RALEIGH — As legislators departed last month there was a finality, at least in rhetoric, when it came to the lengthy budget standoff between the legislative and executive branches.
With Gov. Roy Cooper’s late-June veto of the roughly $2.4 billion budget bill still standing, legislative leaders declared a victory of sorts. A press release from Senate President Pro Tem Phil Berger’s office at the close of business on Oct. 31 noted that 98.5% of the legislature’s budget had been passed, a combination of the continuation of last year’s budget and a series of mini budgets funding new spending for several departments and programs, disaster aid and other consensus spending.
The flip side of the 98.5% spend tells a different story: what’s unspent. Simply calculated, that total is somewhere in the ballpark of $365 million. State budgets, however, are never that simple. They include a complex set of interlocking funds and revenue streams. Combing through what was proposed, what was included in the mini-budgets or funded through other means, however, spotlights a significant number of initiatives and long-sought environmental priorities that for now at least are on hold.
That much of what was left unfunded in state government includes a number of environmental priorities should be no surprise. Environmental policies and spending, especially the Department of Environmental Quality, have been a long-running area of disagreement, not just between the governor and the legislature but also between the House and Senate and even within the party caucuses in each chamber.
For DEQ, the immediate impact of working with just a continuation budget — one that’s based on last year’s funding levels — is the continuation of an untenable balancing act between permitting and environmental oversight driven in no small part by an explosion of work in areas of keen public interest such as coal ash, emerging contaminants and the effects of development, industry and agriculture on public waters.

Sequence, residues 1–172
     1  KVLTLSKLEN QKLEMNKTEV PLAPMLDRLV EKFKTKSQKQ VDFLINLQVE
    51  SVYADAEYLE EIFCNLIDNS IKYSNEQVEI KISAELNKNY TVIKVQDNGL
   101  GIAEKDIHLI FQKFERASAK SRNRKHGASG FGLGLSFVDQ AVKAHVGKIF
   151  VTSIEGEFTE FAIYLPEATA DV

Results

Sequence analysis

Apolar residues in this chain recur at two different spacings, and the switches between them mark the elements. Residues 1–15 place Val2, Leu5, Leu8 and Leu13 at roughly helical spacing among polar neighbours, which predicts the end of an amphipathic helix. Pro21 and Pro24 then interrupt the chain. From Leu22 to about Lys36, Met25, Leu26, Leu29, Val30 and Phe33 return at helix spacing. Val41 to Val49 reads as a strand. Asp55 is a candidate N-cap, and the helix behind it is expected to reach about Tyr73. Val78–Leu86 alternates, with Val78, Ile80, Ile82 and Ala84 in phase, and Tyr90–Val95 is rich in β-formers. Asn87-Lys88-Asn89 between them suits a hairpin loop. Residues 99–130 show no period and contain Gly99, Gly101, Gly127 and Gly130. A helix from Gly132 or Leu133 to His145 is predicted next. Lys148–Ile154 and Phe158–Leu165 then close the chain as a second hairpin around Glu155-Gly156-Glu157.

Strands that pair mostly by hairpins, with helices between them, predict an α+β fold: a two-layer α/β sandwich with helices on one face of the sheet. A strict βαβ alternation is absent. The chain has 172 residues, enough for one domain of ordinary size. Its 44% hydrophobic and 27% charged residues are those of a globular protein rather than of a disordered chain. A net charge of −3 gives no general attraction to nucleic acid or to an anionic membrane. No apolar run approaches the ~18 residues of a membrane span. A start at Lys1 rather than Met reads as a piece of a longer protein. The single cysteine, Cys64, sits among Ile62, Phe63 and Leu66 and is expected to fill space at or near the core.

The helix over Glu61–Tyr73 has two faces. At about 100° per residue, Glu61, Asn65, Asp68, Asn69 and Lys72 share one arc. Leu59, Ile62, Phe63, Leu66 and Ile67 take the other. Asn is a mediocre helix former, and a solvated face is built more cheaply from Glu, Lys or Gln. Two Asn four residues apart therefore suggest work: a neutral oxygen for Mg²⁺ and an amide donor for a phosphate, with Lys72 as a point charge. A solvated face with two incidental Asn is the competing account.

Even before this year’s budget process began, DEQ officials and the governor made a push for more technical staff and funding along with a $30 million rebuild of DEQ’s aging science labs at its Reedy Creek complex.
In a pitch to visiting legislators during a tour at Reedy Creek last year, DEQ Secretary Michael Regan, stressed that the labs are crowded and need major equipment changes to handle the increase in testing and monitoring for emerging contaminants and other challenges.
Since taking office, Regan has been lobbying for more help to clear permitting backlogs and reduce turnaround time, taking the case not just to legislators, but also to industry groups who have complained about the lengthy permitting process.
A recent review of the department by the legislature’s Program Evaluation Division said DEQ management had made strides in improving the flow of permits, but still needed to step up its efforts. In response, department officials pointed to repeated requests for more resources to the legislature that went unanswered.
This year, for instance, the administration requested $6 million for 37 new positions to handle growing demand for work on emerging contaminants, which would in turn free up staff who are juggling those demands with reviewing and processing permit applications.
The legislature’s budget dialed back that figure to $406,024 and rejected another $500,000 requested for more personnel to handle permit backlogs.